I spend more time than most people writing and reading the word "Trump." Every day, Trump something, in an article I'm reading or in data I'm looking at. I live in New York City (editor's note: humblebrag), where Trump's name appears with surprising regularity, even when you're just driving down the West Side Highway. (He's adopted a stretch of it.) Trump. Trump. Trump. Trump. Trump. It loses all meaning.

It occurred to me one day that the word "Trump" doesn't actually have any meaning as a noun outside of the context of the man who emblazons it on everything possible. My last name is "Bump," a truncated version of the longer, less-comprehensible name Boumpasse, and which led to a lot of joke-making in my youth. (Not that the longer version would have been much better.) A bump is a thing. A trump is not.

But "Trump" does have a meaning, as do all names. "Clinton" has a meaning, as does "Carson" and "Sanders" and "Christie." And in the spirit of having a day in which hyper-tangential explorations of the world of politics are allowed -- nay, encouraged! -- I decided to figure out what the next president's last name actually means.

There's a book called the Dictionary of American Family Names which defines and contextualizes 70,000 common American surnames. It retails for the low, low price of $448, which seemed like it might be a hard expense to justify to The Post. Luckily, the good people at Ancestry.com have a tool which allows you to see what the dictionary says about any surname, for the actually low, low price of $0.

Notice as we move through these how fitting some of them are. Which are the most fitting? We will let you be the judge, so as not to editorialize.


Possible national origins: English
Meaning: "Bush" is surprisingly straightforward. According to the DAFN, it refers to someone that lived near a bush or thicket. Say, in Crawford, Texas.


Possible national origins: Scottish or Irish
Meaning: "Carson" is a variant of "Curzon," which refers to inhabitants of Notre-Dame-de-Courson, a town near Normandy in France. That town's name likely derives from the Roman name Curtius.


Possible national origins: Scottish
Meaning: A pet name for "Christian."


Possible national origins: Irish or English
Meaning: In one English version of the name, "Clinton" is a reference to people who lived in England's Glympton, which itself is named due to its being a town -- -ton -- on the Glym River. The river was named from the Celtic, meaning "bright stream."


Possible national origins: Spanish or Portuguese
Meaning: "Cruz" refers either to someone who is from a place called Cruz or La Cruz -- or is taken from the Spanish word for "cross."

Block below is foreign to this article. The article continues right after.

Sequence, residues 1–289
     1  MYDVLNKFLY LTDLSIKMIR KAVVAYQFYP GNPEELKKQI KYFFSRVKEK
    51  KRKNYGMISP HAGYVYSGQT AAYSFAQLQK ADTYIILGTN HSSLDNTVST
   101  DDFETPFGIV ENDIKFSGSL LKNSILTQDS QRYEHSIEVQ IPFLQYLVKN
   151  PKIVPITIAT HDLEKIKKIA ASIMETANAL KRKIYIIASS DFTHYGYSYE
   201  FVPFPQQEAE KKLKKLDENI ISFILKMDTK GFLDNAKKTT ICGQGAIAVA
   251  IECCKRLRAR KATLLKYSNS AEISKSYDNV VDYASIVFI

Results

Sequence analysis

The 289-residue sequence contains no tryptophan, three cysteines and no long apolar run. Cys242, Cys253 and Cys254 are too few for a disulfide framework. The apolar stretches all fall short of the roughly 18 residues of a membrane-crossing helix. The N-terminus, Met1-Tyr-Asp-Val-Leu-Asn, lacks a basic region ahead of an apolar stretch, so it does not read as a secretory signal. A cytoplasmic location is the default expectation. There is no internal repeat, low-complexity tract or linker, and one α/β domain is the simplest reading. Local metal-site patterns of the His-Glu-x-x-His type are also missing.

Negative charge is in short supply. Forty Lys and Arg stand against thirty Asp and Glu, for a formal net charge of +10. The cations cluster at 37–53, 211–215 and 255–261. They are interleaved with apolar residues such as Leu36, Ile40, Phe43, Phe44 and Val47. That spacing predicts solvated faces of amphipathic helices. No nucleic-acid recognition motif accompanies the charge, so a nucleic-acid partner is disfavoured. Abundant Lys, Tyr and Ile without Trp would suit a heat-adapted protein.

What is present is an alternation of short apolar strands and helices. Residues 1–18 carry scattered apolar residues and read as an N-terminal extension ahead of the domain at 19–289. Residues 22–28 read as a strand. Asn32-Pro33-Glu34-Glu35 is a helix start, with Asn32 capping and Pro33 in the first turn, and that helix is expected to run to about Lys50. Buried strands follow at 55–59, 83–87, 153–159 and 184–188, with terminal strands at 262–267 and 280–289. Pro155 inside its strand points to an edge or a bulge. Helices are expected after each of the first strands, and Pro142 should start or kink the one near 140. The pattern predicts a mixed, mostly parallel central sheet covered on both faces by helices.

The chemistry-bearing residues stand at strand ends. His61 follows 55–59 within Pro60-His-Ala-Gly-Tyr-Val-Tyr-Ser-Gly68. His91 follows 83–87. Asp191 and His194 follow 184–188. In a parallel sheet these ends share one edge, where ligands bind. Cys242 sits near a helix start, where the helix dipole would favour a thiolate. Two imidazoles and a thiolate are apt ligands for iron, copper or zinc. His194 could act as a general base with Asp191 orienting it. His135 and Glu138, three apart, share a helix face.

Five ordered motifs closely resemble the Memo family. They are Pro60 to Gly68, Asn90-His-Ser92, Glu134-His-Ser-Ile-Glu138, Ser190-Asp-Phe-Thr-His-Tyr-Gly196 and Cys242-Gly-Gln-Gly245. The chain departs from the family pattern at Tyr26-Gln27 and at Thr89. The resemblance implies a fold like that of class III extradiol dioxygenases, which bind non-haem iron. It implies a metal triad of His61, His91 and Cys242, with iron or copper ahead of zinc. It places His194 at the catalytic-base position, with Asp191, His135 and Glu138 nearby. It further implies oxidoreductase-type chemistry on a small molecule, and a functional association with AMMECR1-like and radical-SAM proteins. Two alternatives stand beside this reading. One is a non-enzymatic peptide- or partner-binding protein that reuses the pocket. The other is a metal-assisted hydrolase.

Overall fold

Possible national origins: Scottish or English
Meaning: Have you ever seen the show "Downton Abbey"? It's a good show (or, at least, has had its good moments). It centers on an expansive British estate at which there are strict social norms and a reliance on maintaining the boundaries of proper manners. If it were in America, it would be set in South Carolina.

"Graham," as it turns out, is a name identifying residents of Grantham in Lincolnshire. And Lord Grantham is the main character in "Downton Abbey."

As for "Grantham," it's apparently a combination of "homestead" -- -ham -- and either the Old English word for gravel -- grand -- or a reference to the name "Granta," which means "snarler." Making Lindsey Graham actually Lindsey Guy-who-lives-near-a-gravelly-home-or-near-where-the-snarler-lives.


Possible national origins: English
Meaning: A variant on "Huckaby," which refers to someone from Huccaby, which itself is named either for a combination of "crooked" and "river bend" or the Old Norse word for "homestead."


Possible national origins: Irish
Meaning: This one isn't clear. It may derive from a variety of Celtic words, including ones meaning "prince," "slow," "sedate," or "poet." Take your pick, Governor.


Possible national origins: Hungarian, Slovak or Jewish
Meaning: Someone from Patak, or someone that lived near a creek.


Possible national origins: English, French, German or Dutch
Meaning: This one is a pretty straightforward adaptation from the Biblical Paul, who was known as Saul before his conversion to Christianity. There are other options, like a Spanish version of Paul which comes from the word "marsh" or "lagoon."


Possible national origins: Spanish
Meaning: The dictionary indicates that this likely began as a nickname for a redhead.


Possible national origins: English, Scottish, Dutch and basically anything in Northern Europe
Meaning: "Sanders" is a reference to someone whose father's name was "Sander." "Sander" is equally obvious: It's someone that lived on sandy soil.

And now we get to the name that prompted the question.


Possible national origins: English or German
Meaning: An occupational name referring to a trumpeter (in English) or a drummer (in German).

Again: We are not going to editorialize.

Incidentally, as I was thinking about writing this article, I got an e-mail from someone. It was from a man who was born with the last name Bump, like mine, but changed it to a version of the pre-truncation name: Bonpasse.

He was writing to let me know that he was running for president.